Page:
It takes just one word to make investors shudder about the risks of frontier markets: Argentina.
The country, once a darling emerging market, was demoted to "frontier" status three years ago by MSCI Inc., whose frontier-market indices are used by investment houses and financial institutions.
MSCI didn't like the country's capital controls. It didn't help that President Cristina Fernandez de Kirchner nationalized pension funds and later tried to fire the country's head of the central bank.
Politics in Argentina "are horrible," acknowledges Lawrence Speidell, the chief investment officer of California-based Frontier Market Asset Management LLC, which specializes in frontier markets. Nevertheless, his firm has an investment in an Argentine bank.
"We're not adverse to investing in markets where there may be an unsavoury regime in place but where there's hope that the future will be better," Mr. Speidell says. That means investments in Zimbabwe ("Mr. Mugabe won't live forever," he says) and Venezuela (even though "it has essentially obliterated its market").
Mr. Speidell sees frontier markets – defined by their low-market capitalization and lack of liquidity – as great opportunities, made even better because so many investors are afraid of them.
It's a view shared by David Kunselman, senior portfolio manager at Mississauga-based Excel Funds Management Inc. Frontier markets are still trading at 40 per cent below what they were in the days before the August of 2008 stock crisis, he says. "These are markets that have been ignored," he adds.
Excel Funds specializes in emerging markets, but Mr. Kunselman says it watches frontier markets with interest. What it sees is "a very positive story" of great fundamentals – low valuations, high dividend yields and high growth ahead.
Stephen Lingard agrees. He is the director of research for Franklin Templeton's multiasset strategies group, which managed $27.4-billion as of Sept. 30. Of that, 1.5 per cent is invested in frontier markets, which he says doesn't sound like a lot but the fund has to move carefully in markets that aren't that liquid.
"We love the overall asset class," he says. "If you put up with a little less liquidity … you get access to higher growth rates at cheaper valuations than you can either in emerging markets or developed markets."
Mr. Kunselman says many investors see frontier markets, which include countries from the Middle East, as heavy oil markets, but that isn't really the case. Financial companies represent almost half of the MSCI frontiers market index, he says.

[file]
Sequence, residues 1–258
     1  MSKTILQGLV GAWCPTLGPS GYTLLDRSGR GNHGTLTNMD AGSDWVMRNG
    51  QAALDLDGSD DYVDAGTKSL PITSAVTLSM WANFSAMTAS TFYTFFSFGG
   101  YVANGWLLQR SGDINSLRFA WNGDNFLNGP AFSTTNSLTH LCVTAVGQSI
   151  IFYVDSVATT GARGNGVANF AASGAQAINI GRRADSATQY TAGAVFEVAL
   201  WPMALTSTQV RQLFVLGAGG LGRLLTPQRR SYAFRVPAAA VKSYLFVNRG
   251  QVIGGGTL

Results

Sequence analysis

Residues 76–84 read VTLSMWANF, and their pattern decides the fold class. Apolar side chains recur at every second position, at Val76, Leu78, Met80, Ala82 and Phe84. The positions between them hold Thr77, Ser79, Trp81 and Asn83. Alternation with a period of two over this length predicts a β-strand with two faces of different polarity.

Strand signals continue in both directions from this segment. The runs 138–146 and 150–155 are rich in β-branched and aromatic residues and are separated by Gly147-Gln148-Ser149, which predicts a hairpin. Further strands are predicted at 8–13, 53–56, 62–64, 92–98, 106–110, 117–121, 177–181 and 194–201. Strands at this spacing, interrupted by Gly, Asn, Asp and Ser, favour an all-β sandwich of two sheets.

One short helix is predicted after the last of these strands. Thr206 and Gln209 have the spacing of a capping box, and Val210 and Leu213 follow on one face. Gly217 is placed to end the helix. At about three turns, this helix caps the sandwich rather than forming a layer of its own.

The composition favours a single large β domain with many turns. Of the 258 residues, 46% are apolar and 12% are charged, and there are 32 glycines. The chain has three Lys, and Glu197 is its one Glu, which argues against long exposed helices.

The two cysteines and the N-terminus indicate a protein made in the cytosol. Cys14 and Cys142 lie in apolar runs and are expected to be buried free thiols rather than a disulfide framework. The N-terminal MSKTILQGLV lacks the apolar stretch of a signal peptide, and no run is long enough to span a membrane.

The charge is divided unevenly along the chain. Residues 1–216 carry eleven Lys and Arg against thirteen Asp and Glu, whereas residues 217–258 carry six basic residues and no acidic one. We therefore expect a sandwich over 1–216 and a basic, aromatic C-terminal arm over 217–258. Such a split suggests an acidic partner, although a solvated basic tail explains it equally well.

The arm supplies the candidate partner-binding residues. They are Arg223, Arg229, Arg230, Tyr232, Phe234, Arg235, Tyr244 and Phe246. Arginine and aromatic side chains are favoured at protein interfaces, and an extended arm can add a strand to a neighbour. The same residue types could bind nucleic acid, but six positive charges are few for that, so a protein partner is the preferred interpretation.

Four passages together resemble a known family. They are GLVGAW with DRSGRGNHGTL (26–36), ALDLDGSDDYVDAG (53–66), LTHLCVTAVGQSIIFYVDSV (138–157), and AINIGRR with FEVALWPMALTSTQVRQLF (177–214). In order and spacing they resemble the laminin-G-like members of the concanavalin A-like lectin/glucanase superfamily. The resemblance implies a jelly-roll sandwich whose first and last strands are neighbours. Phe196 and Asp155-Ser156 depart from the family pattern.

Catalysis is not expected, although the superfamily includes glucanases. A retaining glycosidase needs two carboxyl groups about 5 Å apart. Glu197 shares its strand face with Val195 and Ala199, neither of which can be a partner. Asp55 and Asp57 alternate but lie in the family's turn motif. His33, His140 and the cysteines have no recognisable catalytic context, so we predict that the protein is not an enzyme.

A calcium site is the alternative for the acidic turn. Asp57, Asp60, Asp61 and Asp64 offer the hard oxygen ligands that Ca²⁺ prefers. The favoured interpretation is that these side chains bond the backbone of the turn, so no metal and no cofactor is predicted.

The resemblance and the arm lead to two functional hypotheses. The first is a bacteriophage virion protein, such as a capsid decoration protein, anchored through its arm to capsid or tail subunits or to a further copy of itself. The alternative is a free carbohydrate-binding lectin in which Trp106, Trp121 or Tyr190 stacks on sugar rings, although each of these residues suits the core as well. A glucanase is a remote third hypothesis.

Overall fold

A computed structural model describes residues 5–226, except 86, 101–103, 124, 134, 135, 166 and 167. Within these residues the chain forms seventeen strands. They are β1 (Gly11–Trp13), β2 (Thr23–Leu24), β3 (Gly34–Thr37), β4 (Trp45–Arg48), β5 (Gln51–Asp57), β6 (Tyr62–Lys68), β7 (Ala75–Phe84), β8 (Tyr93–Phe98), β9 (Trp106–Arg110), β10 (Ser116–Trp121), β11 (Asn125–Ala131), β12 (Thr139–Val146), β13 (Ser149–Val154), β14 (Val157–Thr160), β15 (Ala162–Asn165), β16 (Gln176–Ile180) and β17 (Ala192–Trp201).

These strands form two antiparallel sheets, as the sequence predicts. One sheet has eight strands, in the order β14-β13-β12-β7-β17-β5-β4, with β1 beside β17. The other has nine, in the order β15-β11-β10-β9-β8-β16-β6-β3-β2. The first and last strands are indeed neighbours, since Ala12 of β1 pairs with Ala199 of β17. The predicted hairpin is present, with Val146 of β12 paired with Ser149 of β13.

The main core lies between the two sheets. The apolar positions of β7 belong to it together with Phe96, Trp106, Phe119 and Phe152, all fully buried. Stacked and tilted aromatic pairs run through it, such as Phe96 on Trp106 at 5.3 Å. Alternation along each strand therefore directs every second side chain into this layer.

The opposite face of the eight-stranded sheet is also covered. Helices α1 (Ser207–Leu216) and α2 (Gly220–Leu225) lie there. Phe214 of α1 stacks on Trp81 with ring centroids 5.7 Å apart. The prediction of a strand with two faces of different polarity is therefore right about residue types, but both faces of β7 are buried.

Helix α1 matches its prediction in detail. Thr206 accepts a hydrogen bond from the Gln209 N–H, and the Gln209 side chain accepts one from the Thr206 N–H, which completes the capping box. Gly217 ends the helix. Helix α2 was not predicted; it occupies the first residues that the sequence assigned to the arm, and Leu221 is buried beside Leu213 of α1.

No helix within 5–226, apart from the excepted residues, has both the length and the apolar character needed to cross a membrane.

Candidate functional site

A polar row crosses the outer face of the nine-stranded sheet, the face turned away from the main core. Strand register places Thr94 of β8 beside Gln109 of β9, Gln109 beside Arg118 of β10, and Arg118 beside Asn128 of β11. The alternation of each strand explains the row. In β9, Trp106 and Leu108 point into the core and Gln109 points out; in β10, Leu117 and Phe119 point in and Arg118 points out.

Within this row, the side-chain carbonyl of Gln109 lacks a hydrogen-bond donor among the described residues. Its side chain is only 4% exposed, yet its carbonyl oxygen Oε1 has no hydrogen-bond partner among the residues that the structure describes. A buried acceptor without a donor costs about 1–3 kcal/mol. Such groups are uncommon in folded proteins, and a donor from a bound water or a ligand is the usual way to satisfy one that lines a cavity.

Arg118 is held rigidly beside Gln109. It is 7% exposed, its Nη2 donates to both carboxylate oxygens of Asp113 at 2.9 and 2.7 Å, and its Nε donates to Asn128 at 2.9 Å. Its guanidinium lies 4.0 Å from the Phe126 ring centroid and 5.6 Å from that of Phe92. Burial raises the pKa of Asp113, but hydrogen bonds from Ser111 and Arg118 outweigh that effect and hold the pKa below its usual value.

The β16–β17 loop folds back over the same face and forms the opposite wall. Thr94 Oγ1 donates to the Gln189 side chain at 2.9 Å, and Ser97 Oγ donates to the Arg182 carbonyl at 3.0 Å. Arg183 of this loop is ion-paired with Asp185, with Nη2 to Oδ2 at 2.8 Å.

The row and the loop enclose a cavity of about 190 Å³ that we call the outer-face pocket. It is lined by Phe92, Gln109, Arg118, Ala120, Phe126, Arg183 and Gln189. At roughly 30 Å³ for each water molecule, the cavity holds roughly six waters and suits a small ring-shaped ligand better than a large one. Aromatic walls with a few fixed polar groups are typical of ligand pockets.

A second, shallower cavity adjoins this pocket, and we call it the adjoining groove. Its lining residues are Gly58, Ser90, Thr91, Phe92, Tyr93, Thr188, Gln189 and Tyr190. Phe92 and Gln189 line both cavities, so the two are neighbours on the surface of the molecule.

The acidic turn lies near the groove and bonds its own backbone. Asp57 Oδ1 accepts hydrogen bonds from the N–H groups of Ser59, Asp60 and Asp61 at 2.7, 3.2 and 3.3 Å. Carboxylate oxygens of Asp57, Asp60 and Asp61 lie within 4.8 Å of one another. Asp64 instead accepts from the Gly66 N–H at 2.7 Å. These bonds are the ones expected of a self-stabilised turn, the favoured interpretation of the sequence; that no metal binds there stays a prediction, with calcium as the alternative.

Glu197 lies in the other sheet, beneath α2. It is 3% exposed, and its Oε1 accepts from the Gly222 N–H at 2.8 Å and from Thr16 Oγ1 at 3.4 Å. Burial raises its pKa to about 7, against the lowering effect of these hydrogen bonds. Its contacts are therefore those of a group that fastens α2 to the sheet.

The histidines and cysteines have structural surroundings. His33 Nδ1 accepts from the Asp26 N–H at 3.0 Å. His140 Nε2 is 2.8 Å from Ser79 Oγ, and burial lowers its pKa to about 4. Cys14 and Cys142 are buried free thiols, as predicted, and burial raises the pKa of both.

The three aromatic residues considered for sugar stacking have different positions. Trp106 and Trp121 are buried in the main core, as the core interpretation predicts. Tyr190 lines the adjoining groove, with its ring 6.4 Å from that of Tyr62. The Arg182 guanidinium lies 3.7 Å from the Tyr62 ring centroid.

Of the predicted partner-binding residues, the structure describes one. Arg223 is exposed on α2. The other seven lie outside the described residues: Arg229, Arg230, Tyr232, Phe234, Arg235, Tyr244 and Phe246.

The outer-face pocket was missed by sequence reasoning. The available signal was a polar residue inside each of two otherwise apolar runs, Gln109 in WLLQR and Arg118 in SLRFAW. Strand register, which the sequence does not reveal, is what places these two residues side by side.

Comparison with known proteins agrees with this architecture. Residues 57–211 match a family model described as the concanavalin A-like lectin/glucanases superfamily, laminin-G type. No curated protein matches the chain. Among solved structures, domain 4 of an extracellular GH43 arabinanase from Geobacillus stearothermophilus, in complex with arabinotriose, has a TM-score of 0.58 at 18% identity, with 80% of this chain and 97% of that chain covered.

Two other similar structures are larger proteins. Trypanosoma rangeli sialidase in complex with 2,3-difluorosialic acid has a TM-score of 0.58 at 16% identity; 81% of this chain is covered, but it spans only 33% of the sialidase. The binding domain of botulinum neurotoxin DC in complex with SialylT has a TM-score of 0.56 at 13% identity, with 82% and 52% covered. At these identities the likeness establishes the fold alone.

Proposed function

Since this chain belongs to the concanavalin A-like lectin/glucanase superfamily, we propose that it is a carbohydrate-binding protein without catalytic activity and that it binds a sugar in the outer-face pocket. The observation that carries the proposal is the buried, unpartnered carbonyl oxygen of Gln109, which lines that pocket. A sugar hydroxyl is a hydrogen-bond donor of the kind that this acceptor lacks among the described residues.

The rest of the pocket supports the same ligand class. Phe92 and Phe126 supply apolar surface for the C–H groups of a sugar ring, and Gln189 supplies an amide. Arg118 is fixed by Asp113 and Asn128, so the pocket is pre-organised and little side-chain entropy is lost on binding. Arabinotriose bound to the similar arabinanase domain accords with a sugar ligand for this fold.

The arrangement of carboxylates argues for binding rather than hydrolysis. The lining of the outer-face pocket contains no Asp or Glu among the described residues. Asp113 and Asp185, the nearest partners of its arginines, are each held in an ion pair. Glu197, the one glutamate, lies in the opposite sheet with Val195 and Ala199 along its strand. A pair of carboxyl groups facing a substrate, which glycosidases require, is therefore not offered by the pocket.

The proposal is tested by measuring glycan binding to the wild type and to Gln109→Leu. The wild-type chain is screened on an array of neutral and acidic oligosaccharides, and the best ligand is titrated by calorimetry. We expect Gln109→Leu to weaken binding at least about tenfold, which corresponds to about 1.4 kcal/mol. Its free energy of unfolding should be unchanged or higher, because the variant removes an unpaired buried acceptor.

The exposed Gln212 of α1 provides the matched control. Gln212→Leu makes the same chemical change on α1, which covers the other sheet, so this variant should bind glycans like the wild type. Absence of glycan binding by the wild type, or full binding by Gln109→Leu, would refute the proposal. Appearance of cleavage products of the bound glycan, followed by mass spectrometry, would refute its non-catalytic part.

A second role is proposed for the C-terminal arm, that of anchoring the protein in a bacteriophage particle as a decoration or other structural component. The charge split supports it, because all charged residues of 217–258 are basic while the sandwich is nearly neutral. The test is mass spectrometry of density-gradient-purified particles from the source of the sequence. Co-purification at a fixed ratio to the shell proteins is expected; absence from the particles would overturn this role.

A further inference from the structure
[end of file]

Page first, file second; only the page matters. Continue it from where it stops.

And banks in these countries are not like those in Western countries, Mr. Speidell points out. There is no derivatives trading or large mergers and acquisitions – these banks just take deposits and make loans, often paying little on deposits but charging a lot for loans. They fall into a category that Mr. Speidell looks for – "companies that benefit from a rising middle class."
Mr. Kunselman agrees that the rising middle class, along with higher gross domestic product per capita numbers, are fundamental themes that should drive investment to frontier markets. "It's all about benefiting form the increasing amount of credit growth and consumer purchases," he says.
But he also points to emerging and frontier markets as a way for Canadians to diversify. "People here have 70 per cent of their money invested in Canada, and if Canada doesn't perform well over the next 10 years, people's retirements could be very disappointing," he says.
Frontier markets are negatively correlated with the S&P/TSX, he adds, which means that when the market here goes up, the markets there may go down, and vice versa.
"That means if an investor were to buy [into frontier markets] and diversify their portfolio, it can actually reduce the overall portfolio risk."
As well, Mr. Kunselman argues that because the Canadian dollar is so high, it's a good time to go outside of Canada to invest.
But Matt Barasch, vice-president of portfolio management at RBC Wealth Management, says investors have to understand that there is a big risk in investing in frontier markets, and most of that has to do with politics. Many of the countries understand that there is a "Western way" of doing things economically, he says, but "politically they don't act that way."
He cites as an example countries that tie their currencies to the U.S. dollar. "You saw this with Argentina in the early 2000s – it's in their best interest until all of a sudden it isn't in their best interest any more, and all of a sudden you get this massive re-evaluation of the currency – overnight you've lost 80 per cent of your value to that."
Mr. Barasch suggests an alternative to investing directly in high-risk countries is to invest in companies that do business in those countries – such as Canadian mining companies that have properties there or multinationals such as Coca-Cola, which sell everywhere.
Mr. Speidell and Mr. Kunselman disagree.
"We're trying to make a case for a Canadian investor to look outside of just BCE or TransCanada," Mr. Kunselman says. "They already own boatloads of that."
Says Mr. Speidell: "I think the main obstacle is our own mental image of these places because of the media, which tend to highlight the bad things that go on. But of course, if you depend on the media, you'd be afraid to cross the border into the United States."